Wei, Y., H. Ebendorff‐Heidepriem and J. Zhao (2019). “Recent Advances in Hybrid Optical Materials: Integrating Nanoparticles within a Glass Matrix.” Advanced Optical Materials. DOI: 10.1002/adom.201900702
2019 Academic Excellence Award – Best Researcher (non-student) Publication
Awarded to the best 2019 publication as determined by journal impact factor.
Jia, P., K. Zuber, Q. Guo, B. C. Gibson, J. Yang and H. Ebendorff-Heidepriem (2019). “Large-area freestanding gold nanomembranes with nanoholes.” Materials Horizons 6(5): 1005-1012. DIO:10.1039/c8mh01302k
Awarded to the 2019 publication recognised by the wider non-academic community, as determined by Altmetric score.
Habibalahi, A., C. Bala, A. Allende, A. G. Anwer and E. M. Goldys (2019). “Novel automated non invasive detection of ocular surface squamous neoplasia using multispectral autofluorescence imaging.” Ocular Surface. DOI:10.1016/j.jtos.2019.03.003
Awarded to Patrick Capon (@PatCapon) for his diverse, informative and entertaining engagement with the @CNBPscience twitter handle.
2019 Quality Communication Award – Engagement in Centre Outreach Activity
Awarded to Dr Lindsay Parker for community engagement activities including: Science in the Swamp, Exploring Brain Research at Castle Hill Library; and multiple engagements with school groups in Sydney and her home town in the USA.
2019 Nurturing Environment Award – Mentor
Awarded to Professor Andrew Greentree for commitment to mentorship and contribution to CNBP professional development activities including the PhD Publication’s Masterclass, Research integrity training and supporting fellowship applications.
2019 Nurturing Environment Award – 5% Commitment to CNBP
This award recognises individuals that go above and beyond CNBPs requirement for researchers to commit 5% of their time to non-research activities. Awarded to Dr Georgina Sylva for ongoing commitment to science outreach in regional and remote communities.
2019 Commercial Impact Award – Individual Engagement with Industry/End-users
Awarded to a CNBP researcher for successful collaboration with industry and end-users. Prof Heike Ebendorff-Heidepriem for her disruptive glass projects with multiple industry partners and her collaborations with the glass-art community.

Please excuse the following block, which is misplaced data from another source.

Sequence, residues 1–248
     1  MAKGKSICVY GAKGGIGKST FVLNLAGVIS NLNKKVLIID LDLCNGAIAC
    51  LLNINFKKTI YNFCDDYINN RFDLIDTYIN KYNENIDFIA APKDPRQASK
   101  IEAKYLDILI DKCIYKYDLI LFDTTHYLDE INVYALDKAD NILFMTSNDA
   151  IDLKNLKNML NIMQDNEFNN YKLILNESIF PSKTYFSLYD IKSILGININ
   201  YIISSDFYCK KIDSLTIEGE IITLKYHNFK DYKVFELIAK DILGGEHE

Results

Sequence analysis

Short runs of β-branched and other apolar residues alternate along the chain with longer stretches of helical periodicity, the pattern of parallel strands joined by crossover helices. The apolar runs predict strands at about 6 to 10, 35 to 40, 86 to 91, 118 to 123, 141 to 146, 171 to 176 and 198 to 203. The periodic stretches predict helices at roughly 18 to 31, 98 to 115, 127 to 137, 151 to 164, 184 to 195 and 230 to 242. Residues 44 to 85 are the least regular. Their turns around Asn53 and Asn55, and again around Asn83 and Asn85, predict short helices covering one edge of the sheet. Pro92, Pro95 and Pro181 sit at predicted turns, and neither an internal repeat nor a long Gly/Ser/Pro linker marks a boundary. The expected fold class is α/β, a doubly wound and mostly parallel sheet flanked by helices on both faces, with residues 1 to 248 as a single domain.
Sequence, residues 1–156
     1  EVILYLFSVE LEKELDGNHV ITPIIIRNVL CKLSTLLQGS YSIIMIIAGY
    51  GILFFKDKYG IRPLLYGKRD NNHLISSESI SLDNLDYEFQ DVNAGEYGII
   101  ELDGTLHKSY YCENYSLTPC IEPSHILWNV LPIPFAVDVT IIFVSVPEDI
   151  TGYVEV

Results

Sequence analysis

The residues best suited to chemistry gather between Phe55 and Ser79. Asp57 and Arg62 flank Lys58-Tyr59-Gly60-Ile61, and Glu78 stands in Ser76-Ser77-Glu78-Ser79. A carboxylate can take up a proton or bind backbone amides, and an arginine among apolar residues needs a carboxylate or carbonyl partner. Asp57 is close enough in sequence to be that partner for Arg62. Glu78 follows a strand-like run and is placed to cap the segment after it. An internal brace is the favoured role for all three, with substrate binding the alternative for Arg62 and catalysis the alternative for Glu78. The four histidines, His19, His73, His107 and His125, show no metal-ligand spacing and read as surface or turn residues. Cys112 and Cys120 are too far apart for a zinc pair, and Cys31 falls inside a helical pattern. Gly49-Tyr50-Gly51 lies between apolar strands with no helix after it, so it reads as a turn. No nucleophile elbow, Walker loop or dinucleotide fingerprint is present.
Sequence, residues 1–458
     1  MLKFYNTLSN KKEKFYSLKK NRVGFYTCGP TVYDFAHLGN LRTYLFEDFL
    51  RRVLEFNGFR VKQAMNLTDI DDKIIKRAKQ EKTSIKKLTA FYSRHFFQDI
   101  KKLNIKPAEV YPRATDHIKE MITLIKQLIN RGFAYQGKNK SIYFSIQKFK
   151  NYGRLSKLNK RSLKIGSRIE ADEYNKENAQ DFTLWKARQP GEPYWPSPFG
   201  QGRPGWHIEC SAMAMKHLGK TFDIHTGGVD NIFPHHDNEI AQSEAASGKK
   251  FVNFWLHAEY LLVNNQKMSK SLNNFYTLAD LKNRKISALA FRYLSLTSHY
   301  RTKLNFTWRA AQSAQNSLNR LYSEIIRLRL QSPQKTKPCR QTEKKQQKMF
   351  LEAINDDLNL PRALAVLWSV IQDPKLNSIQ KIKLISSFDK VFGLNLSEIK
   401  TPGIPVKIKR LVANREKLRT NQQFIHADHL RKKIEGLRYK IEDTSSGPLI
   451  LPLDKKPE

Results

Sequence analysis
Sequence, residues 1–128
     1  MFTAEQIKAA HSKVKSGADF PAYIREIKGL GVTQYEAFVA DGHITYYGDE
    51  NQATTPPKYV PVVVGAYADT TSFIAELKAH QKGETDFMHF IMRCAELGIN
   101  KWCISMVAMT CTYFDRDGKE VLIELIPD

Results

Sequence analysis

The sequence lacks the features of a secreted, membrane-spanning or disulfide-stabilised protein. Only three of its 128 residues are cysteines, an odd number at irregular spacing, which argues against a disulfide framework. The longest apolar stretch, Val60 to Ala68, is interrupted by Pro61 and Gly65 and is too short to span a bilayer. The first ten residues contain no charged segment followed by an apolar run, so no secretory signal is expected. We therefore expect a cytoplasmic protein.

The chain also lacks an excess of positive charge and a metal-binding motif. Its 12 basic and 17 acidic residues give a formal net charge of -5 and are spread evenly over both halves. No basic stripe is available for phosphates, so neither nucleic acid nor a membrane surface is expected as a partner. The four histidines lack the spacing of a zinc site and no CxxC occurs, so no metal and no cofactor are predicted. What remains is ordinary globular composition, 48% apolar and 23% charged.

2019 Commercial Impact Award – CNBP Project
Awarded for the most successful CNBP research project – industry collaboration. Dr Thomas Avery and Associate Professor Peter Grace for next gen non-opioid non addictive pain therapies.
CNBP pitch fest is the brain child of the ECR led Entrepreneurs Network. After participation in a CNBP-led pitching workshop, Individuals pitch their idea/project to the wider CNBP community with pitches judged by an expert panel.
Equal first prize:
Mr Suliman Yagoub: Towards Automation of in vitro Fertilization (IVF) Treatment.
Current IVF success requires skilled embryologists to perform regular, routine procedures. By automating and standardizing IVF procedures we will reduce human error for IVF treatments world-wide
Dr Andrew Care and A/Prof Lyndsay Collins-Praino: Intercepting Parkinson’s Disease
This novel technology employs bioengineered nanoparticles to halt the progression of Parkinson’s Disease inside the human brain.
2019 Annual Conference – Best Poster Award
Awarded to the best CNBP conference poster by popular vote. Aimee Horsfall – Poster: Enhancing protein biosensor sensitivity requires detailed structural insight.
2019 Director’s Award
Each year the Prof Mark Hutchinson identifies the individual(s) who’s contribution to the centre and/or support to the Director has stood out. Joint award to the CNBP Deputy Directors: Prof Brant Gibson & Prof Ewa Goldys for all-round awesome!